Philosopher Karl Popper referred to the centipede effect in his book Knowledge and the Body-Mind Problem: In Defence of Interaction:[8] "if we have learnt certain movements so that they have sunk below the level of conscious control, then if we try to follow them consciously, we very often interfere with them so badly that we stop them". He gives the example of violinist Adolf Busch, who was asked by fellow violinist Bronisław Huberman how he played a certain passage of Beethoven's violin concerto. Busch told Huberman that it was quite simple, and then found that he could no longer play the passage.

Psychiatric psychoanalyst Theo L. Dorpat compares questions and interventions irrelevant to the patient's current thought process during psychotherapy in his book Gaslighting to "the story of the centipede who became disorganized and unable to walk after he was asked, 'What's wrong with your 34th left foot?'."[9]

Cultural referencesEdit

Cover of The Hot Soldier and Other Stories by Gustav Meyrink

In 1903, Simplicissimus magazine printed an adaptation of the story by Austrian author Gustav Meyrink, "The Curse of The Toad" (Der Fluch der Kröte). The fable was also published in Meyrink's 1903 collection of tales, The Hot Soldier and Other Stories.[10]

Spider Robinson's short story "The Centipede's Dilemma" concerns a psychic who uses instinctive telekinetic powers to cheat at darts, and is foiled when another character triggers hyperreflection in him.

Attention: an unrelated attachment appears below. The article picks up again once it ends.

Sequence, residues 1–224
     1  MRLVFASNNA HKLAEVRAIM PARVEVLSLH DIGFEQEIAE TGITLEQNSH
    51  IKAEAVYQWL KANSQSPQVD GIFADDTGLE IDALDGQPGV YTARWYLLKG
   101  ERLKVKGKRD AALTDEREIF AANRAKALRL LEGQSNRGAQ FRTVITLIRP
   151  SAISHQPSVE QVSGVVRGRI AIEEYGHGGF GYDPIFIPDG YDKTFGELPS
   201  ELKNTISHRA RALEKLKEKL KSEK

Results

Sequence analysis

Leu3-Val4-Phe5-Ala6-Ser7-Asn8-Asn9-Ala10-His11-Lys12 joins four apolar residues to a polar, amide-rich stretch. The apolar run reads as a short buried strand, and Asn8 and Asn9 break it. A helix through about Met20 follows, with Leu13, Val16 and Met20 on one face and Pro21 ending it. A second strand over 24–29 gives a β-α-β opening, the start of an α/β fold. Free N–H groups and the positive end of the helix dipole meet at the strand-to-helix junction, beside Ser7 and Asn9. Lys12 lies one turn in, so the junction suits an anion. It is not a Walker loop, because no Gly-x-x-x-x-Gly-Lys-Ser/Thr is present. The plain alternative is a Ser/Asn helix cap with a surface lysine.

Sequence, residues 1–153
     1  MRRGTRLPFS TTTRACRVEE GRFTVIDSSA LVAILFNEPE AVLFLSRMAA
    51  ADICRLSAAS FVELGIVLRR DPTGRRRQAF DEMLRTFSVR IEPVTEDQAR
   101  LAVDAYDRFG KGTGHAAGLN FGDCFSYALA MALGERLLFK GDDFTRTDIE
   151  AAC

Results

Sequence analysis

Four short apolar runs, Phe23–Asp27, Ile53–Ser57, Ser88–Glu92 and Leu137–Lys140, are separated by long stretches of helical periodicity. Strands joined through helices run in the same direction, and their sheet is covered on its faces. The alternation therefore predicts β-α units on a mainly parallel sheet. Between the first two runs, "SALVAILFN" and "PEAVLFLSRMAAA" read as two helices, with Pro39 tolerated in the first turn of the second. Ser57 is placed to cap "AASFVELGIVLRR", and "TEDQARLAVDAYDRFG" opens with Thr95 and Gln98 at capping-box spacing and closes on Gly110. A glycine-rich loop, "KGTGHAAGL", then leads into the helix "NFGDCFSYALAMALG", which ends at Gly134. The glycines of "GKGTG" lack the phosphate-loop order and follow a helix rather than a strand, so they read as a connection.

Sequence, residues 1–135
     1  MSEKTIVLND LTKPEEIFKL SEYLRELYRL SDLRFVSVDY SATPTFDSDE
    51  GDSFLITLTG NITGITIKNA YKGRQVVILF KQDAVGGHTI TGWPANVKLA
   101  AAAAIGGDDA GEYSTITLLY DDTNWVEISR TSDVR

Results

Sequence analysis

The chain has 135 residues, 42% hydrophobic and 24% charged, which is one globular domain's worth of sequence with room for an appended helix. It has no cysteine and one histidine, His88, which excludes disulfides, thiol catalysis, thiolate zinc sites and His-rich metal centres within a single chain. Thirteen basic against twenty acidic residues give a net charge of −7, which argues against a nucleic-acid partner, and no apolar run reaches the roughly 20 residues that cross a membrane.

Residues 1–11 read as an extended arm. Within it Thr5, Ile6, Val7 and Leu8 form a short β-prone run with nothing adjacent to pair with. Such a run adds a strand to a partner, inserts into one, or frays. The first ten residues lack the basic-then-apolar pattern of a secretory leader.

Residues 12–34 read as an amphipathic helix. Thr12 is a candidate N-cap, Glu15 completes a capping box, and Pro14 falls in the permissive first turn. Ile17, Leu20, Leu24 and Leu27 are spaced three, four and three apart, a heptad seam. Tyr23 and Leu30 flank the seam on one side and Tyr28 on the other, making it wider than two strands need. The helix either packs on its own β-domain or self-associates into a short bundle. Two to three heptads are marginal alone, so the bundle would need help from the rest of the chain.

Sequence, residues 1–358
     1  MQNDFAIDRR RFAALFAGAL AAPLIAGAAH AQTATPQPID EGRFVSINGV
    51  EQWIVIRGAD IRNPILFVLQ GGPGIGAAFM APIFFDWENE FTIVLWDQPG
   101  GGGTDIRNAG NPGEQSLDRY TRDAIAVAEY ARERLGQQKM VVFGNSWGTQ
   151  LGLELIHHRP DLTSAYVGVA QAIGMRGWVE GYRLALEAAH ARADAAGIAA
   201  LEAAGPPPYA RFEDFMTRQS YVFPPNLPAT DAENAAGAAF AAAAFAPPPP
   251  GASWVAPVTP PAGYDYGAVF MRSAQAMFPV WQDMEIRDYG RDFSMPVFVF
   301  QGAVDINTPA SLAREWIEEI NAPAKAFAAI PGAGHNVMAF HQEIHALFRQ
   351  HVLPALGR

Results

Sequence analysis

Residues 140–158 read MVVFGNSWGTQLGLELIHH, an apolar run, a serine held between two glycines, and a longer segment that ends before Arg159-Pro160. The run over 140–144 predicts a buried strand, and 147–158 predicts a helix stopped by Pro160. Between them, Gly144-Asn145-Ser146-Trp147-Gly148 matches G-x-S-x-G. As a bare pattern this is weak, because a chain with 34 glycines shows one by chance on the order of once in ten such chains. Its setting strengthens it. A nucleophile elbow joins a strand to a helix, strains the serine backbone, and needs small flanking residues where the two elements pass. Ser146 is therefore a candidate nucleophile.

See alsoEdit


  1. ^ a b Colman, Andrew M. (2009). A Dictionary of Psychology (3rd ed.). Oxford: Oxford University Press. p. 120. ISBN 978-0-19-953406-7.
  2. ^ Connolly, Kevin; Martlew, Margaret (1999). Psychologically Speaking: A Book of Quotations. Leicester: BPS Books. p. 220. ISBN 978-1-85433-302-5.
  3. ^ The Spectator. 54. 1881. Missing or empty |title= (help)
  4. ^ Littell, Eliakim; Littell, Robert S. (1881). The Living Age. The Living Age Co. Inc. 150. Missing or empty |title= (help)
  5. ^ Lankester, E. Ray (23 May 1889). "Muybridge Photographs". Nature. 40 (1021): 78–80. Bibcode:1889Natur..40...78L. doi:10.1038/040078b0.
  6. ^ Humphrey, George (1923). The Story of Man's Mind. Boston: Small, Maynard and company. p. 109.
  7. ^ Roeckelein, Jon E. (1998). Dictionary of Theories, Laws, and Concepts in Psychology ([Online-Ausg.] ed.). Westport, Conn.: Greenwood. p. 447. ISBN 978-0-313-30460-6.
  8. ^ Popper, Karl R. (1994). Notturno, M. A. (ed.). Knowledge and the Body-Mind Problem: In Defence of Interaction (1st. publ. ed.). London: Routledge. p. 116. ISBN 978-0-415-11504-9.
  9. ^ Dorpat, Theo L. (1996). Gaslighting, the Double-Whammy, Interrogation and Other Methods of Convert Control in Psychotherapy & Analysis. Northvale, New Jersey: Aronson. p. 12. ISBN 978-1-568-21828-1.
  10. ^ Zipes, Jack, ed. (2000). The Oxford Companion to Fairy Tales (1st published. ed.). Oxford: Oxford University Press. p. 318. ISBN 978-0-19-860115-9.